Sir Hubert Wilkins Chair of Climate Change

Sir Hubert Wilkins Chair of Climate Change

Sir Hubert Wilkins Chair of Climate Change 1

The Sir Hubert Wilkins Chair of Climate Change was a special appointment made at the University of Adelaide and funded by the Government of South Australia. It was established with funding for four years, beginning in 2006-07. The Chair's role is to advise government, industry, and the community on how to tackle climate change. The Chair is also tasked to draw together expertise in climate change from across the university. The foundation appointee to the position was Professor Barry Brook who held the position for 8 years until December 2014. From 1 January 2015 to 15 January 2017, the position was held by Professor Corey J. A. Bradshaw. It is unknown if the position will continue

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Simpson's Ivory Chair Reconstruction

FormAlthough the Pratt ivories cannot be fully understood due to the loss of their archaeological context, Elizabeth Simpson, through in depth analysis of the sphinxes and lion legs determined that the pieces were originally part of what had been a low throne or chair. Her reconstruction of the work, based on close investigation of the ivories' construction, reveals a chair with legs formed from the sphinxes and lion legs. The sphinxes are the lowest element, touching the floor and supporting the weight of the chair. The lion legs rest on top these, facing forward. The front two sphinxes also face forward, while those forming the back legs face outwards to the sides. The rest of the chair, including the frame, seat, backs, and stretchers, would have been made from fine wood. It is likely that the falcon and gazelle panels, among others, decorated the back of the chair, in accordance with examples seen in Egypt from the 18th Dynasty. Other Pratt panels with rosettes and guilloche motifs may have originally been incorporated into the design of the chair, but unfortunately it is impossible to determine their exact arrangement. Sumptuous textile cushions on the seat would have completed the luxurious effect. ColorExamination of the ivory pieces also revealed traces of gilding and inlay, indicating that the chair was further embellished with gold, silver, and precious or semi-precious stones. Based on this trace evidence, the sphinxes appear to have had dark, inlaid eyes and were decorated with applied gold and (perhaps) silver leaf. The platforms beneath the lion paws also appear to have been gilded. Traces of silver on the falcon suggest that it too was once covered. It is possible that even more extensive areas than those suggested by the remaining traces were once gilded, but that the fire reached temperatures high enough to burn off much the metal. The color of the sphinxes and lion legs are also frequently commented upon in scholarship of the ivories. Variations in color occur among the pieces (gray, pink, orange, and red), resulting in pieces that match in form but not in color. These disparities are the result of varying conditions (i.e. the level of oxygen) in the fire that destroyed the palace. The ivories were covered with an iron-oxide rich clay slip, which reacted to these particular conditions, resulting in the color changes. Why the ivories were covered in this slip is another question. It is possible that the clay was applied to act as a bole, to assist in the application and burnishing of gold leaf. Simpson notes, however, that the slip occurs on the undersides and backs of the pieces, which would not have been gilded. Red ivory is also a decorative form attested to in texts of the period, which scholars have interpreted as meaning that ivory was often stained a reddish color. Perhaps in this case, the slip performed two functions, as a bole for applied gilding, and as a colorant for the exposed areas of ivory.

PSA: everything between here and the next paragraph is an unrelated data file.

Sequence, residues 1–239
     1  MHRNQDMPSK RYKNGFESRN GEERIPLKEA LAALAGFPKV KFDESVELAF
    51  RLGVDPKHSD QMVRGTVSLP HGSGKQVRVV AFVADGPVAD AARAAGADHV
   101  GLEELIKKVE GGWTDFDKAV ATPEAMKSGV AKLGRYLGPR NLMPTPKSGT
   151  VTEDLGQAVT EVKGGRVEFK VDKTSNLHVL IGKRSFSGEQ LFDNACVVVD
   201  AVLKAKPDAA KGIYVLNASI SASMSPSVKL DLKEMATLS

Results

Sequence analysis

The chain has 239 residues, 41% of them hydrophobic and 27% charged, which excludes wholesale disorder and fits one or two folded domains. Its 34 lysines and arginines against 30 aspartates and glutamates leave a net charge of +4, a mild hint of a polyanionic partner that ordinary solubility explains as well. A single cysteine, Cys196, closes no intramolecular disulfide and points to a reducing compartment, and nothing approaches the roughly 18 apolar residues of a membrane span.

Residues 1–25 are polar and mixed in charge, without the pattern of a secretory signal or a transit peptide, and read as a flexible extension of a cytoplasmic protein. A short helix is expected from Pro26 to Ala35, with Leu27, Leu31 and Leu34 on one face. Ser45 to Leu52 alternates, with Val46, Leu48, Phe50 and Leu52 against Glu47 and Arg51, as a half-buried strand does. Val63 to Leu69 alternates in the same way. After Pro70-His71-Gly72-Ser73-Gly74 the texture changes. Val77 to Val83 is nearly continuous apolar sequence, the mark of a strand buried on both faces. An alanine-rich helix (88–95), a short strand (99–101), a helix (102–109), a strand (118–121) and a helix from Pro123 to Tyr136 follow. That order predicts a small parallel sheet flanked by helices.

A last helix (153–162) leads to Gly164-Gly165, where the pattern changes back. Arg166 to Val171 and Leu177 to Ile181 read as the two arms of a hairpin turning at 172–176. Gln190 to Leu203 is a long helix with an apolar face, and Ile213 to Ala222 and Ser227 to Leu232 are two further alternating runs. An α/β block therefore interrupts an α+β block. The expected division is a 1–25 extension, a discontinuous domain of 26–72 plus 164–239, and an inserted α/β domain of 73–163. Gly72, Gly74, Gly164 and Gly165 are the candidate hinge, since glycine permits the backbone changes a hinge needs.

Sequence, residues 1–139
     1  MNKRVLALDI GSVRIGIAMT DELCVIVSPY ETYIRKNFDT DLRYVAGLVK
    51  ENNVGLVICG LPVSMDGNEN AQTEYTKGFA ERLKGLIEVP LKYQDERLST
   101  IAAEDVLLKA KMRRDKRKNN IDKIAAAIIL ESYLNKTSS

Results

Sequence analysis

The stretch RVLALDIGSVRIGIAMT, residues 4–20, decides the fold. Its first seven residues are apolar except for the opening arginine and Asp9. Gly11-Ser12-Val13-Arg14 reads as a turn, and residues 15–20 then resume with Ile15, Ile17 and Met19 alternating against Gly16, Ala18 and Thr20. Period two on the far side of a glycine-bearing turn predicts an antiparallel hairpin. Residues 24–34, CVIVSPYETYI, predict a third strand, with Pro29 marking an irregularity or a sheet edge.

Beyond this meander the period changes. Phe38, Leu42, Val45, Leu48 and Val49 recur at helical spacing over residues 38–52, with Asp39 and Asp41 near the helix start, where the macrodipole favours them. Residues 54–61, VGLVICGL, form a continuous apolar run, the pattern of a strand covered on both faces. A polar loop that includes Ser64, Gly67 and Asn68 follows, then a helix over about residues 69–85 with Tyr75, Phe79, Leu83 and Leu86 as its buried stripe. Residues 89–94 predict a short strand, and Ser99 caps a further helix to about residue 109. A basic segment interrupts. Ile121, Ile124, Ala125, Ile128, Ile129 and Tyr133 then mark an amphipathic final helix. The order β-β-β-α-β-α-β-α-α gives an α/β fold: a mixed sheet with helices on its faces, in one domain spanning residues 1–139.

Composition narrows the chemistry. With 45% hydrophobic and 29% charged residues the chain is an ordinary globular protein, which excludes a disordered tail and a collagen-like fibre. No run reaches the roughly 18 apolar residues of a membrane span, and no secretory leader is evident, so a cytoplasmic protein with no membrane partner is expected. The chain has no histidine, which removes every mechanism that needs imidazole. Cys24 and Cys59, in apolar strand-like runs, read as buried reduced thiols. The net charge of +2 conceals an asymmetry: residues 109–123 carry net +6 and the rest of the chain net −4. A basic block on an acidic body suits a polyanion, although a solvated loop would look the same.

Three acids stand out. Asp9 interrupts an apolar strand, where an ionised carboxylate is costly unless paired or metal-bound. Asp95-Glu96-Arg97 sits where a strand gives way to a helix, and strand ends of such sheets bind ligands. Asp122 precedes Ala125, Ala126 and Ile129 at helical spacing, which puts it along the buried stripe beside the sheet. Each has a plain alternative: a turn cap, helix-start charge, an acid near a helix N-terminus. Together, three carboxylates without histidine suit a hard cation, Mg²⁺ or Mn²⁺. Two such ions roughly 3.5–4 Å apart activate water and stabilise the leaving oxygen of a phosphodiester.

Sir Hubert Wilkins Chair of Climate Change 2

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Isokon Long Chair

The Isokon Long Chair is a chair designed by Marcel Breuer for the Isokon company in 1935-36. The chair is considered one of the most important pieces of furniture to emerge from the inter-war modern movement and it is in the permanent collections of several internationally renowned museums including the Victoria and Albert Museum. Breuer came to Britain in the mid-1930s following the closure of the Bauhaus by the Nazis. He became acquainted with Jack Pritchard, the owner of Isokon, who suggested he design furniture for the company. Pritchard had become interested in the plywood designs of Alvar Aalto and wanted to produce similar furniture himself. The Long Chair was an adaptation of a previous design for an aluminium framed chaise Breuer had produced in 1932.

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